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The paper summarizes the results and conclusions of a structural study covering the western Gulf Coast of the United States. The various structural types of this area are described and their possible genesis discussed.
During late Paleozoic or early Mesozoic, subcrustal movements initiated a regional subsidence in the Gulf Coastal Plains, which reached definite geosynclinal proportions during the Tertiary. In connection with the formation of this geosyncline, local gravity and some igneous activity occurred, giving origin to various structural types within the subsiding area.
The igneous activity, in the form of plutonic intrusions, created regional as well as local uplifts. In southern Arkansas a graben of the rift-valley type is associated with one of these uplifts.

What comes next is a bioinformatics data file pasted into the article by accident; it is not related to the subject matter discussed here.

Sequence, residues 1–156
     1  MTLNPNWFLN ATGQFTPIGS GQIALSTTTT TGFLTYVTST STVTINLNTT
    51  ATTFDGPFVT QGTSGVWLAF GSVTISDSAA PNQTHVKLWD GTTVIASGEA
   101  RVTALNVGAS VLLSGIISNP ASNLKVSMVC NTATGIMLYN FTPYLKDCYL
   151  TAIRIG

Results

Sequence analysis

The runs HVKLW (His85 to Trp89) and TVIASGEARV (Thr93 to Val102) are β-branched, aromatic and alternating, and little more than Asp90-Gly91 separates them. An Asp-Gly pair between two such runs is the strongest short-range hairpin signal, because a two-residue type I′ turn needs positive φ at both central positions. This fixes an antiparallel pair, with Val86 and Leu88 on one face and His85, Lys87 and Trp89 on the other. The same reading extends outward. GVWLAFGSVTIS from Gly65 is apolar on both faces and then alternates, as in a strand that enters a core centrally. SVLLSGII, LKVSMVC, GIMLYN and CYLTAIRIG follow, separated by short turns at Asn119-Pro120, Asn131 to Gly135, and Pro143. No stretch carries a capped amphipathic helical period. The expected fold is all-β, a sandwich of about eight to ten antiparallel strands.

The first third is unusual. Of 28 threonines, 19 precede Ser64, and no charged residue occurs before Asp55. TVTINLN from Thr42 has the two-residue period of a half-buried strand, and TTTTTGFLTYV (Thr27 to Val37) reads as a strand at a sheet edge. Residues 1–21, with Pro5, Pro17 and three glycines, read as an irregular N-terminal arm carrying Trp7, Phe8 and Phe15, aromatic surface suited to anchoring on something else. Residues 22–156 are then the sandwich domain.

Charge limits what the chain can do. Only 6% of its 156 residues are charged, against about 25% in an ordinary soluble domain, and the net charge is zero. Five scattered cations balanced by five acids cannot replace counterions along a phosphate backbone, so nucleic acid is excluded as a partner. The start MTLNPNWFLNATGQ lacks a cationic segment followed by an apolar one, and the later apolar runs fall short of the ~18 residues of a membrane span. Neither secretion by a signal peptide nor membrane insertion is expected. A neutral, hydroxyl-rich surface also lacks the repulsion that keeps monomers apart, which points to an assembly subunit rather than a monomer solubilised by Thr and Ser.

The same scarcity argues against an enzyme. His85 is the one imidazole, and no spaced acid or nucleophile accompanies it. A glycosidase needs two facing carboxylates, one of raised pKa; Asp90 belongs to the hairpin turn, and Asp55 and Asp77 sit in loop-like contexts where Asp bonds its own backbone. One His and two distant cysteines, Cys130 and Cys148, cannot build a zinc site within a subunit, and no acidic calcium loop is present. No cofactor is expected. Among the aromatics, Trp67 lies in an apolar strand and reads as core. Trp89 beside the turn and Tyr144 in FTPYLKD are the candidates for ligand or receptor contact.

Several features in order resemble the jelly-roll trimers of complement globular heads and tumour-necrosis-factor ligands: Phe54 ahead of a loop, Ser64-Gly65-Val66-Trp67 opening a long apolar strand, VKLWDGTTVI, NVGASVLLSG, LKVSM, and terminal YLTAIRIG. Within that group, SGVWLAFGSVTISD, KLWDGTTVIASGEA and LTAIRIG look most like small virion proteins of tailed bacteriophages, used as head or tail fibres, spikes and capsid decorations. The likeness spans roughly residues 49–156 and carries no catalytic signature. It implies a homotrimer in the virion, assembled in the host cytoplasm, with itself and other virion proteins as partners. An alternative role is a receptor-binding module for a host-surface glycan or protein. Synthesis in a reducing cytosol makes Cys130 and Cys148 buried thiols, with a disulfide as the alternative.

The gravity activity formed regional and local subsidence structures. The regional features, such as regional dip, flexures, arches, and embayments are the direct result of differential regional subsidence. The local subsidence structures, represented by anticlinal, synclinal, and piercement folds, however, are believed to result from gravity flow of sedimentary beds deposited in the geosynclinal area. Gulf Coast faulting originated in connection with this gravity-flow folding and is considered to be a near-surface expression of the deeper-seated folding.
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